The answer is Creative Conversation – a way of talking which seeks to create something valuable in every exchange, whether it’s a brief chat or a major negotiation. Creative Conversation comprises six key elements. Individually they’re powerful. Collectively they’re revolutionary.
Personal responsibility is about our attitude to ourselves. It’s about seeing ourselves as the active agent at the centre of things. As a result, any changes we make in our behaviour can give any of our relationships a boost – maybe strengthening a friendship, ending an old feud or simply creating a better atmosphere – which can, in turn, affect our whole network.
Openness is about our attitude to others and what they care about. It takes openness sustained over a period of time to build (or rebuild) relationships. To understand the human needs underlying the thoughts and actions of other people – and our own. And to constantly seek to expand communication bandwidth between ‘us’ and ‘them’ so there’s resilience in our relationships, even where there’s disagreement.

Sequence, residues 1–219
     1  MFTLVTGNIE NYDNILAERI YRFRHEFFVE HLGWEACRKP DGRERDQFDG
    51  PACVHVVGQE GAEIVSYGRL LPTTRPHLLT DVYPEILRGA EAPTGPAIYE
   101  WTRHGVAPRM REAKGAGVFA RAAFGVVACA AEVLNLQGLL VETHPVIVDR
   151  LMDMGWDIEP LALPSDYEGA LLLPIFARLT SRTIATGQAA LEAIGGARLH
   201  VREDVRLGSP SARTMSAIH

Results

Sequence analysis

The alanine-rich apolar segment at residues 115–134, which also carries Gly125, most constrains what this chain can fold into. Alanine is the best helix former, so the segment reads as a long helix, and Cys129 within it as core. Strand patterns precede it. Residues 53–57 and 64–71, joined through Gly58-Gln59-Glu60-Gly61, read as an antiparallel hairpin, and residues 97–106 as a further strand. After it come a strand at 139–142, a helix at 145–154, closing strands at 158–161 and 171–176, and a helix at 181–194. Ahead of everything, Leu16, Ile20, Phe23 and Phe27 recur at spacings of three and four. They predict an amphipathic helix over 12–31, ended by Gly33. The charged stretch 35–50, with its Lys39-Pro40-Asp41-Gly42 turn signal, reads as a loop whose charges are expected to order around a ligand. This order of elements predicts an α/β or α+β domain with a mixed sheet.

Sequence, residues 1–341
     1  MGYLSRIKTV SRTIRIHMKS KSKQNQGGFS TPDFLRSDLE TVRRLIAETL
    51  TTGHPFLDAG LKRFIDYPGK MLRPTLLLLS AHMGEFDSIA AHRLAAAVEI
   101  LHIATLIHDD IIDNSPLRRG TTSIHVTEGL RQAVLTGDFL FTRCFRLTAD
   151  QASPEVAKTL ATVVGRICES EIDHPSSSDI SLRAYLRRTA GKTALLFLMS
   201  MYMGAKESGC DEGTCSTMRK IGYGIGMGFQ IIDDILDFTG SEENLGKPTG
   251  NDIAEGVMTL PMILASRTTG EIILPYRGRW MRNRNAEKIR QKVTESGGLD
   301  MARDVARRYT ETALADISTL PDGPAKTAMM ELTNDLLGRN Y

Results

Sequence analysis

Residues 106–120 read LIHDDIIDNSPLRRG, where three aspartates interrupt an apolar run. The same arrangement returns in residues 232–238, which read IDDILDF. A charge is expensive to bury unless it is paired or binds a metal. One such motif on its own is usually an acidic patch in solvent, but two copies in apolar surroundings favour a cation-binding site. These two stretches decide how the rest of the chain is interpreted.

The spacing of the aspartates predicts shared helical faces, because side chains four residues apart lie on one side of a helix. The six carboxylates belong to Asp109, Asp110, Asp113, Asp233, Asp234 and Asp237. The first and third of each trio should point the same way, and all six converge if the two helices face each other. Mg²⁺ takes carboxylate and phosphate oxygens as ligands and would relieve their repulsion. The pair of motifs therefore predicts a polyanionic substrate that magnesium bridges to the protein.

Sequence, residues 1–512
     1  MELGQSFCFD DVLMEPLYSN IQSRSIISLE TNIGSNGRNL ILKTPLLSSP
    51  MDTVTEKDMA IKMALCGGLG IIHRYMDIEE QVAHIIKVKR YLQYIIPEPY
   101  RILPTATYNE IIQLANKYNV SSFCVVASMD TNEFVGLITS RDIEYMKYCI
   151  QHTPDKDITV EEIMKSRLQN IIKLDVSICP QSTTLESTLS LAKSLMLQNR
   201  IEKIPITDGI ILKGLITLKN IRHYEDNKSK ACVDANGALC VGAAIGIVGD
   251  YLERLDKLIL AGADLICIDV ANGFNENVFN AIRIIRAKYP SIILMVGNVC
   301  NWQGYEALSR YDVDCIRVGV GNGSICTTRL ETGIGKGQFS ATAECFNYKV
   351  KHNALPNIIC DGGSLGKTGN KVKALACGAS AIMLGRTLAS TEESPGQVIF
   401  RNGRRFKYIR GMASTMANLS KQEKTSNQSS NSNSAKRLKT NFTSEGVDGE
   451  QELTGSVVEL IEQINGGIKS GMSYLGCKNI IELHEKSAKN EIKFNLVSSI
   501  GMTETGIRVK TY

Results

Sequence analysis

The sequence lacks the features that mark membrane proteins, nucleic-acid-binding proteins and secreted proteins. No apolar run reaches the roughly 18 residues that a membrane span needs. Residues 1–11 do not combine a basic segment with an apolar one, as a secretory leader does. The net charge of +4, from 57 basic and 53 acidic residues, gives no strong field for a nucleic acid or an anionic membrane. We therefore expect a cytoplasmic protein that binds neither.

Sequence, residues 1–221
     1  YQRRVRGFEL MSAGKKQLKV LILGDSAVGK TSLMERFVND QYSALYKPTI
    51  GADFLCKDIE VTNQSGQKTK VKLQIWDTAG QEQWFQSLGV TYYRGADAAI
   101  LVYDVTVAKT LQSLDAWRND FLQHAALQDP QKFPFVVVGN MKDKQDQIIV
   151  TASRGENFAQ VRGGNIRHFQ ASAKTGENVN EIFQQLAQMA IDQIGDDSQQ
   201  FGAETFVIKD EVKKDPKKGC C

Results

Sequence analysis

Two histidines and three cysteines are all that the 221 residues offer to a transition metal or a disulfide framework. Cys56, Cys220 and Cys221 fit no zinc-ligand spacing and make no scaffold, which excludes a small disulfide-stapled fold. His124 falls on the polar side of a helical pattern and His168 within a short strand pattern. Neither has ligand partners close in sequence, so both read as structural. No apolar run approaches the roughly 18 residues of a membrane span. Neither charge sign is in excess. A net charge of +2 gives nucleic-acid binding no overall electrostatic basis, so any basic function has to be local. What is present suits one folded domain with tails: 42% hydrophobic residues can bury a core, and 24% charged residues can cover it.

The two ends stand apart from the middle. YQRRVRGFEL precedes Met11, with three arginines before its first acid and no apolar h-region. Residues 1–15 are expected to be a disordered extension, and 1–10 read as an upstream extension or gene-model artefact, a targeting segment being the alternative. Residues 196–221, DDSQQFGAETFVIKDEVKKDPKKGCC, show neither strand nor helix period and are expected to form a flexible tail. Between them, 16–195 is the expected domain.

Creativity is about the potential for each and every conversation to create something of value – by addressing the basic needs of those involved. This spirit of creativity can take some work to develop. It has to be quite robust – stubborn, even – as our needs are often expressed in a negative form precisely because they’re not being met.
Understanding First is about developing the discipline of being clear about what the other person is saying as the initial goal in any conversation. It means working to articulate our understanding of what’s being said to us before challenging it or expressing our own view. If there’s one golden rule of Creative Conversation, this is it.
Challenging is about how to create value when people see things differently and test what’s being said in a way that opens things up and creates stronger connection, rather than shutting things down or causing rows. Challenging is always, well, challenging. But when done well it can transform the most difficult situations and dysfunctional relationships, and be a great spur to progress.
Being understood is about ensuring that what we ourselves ‘transmit’ is received with clarity and understanding by whoever we’re talking to. It’s about framing and ordering what we’re saying in ways that ward off hidden confusion (and the problems that can flow from it) and help the listener fully understand.
All of these factors are overseen by our ‘Conversation Manager’. This is the part of our consciousness that works away in the background to decide, moment by moment, who to talk to, what to talk about, whether or not there’s value in it, and where, when and how that conversation might best happen. Creative Conversation makes us more aware of our Conversation Manager so we can manage conversations better.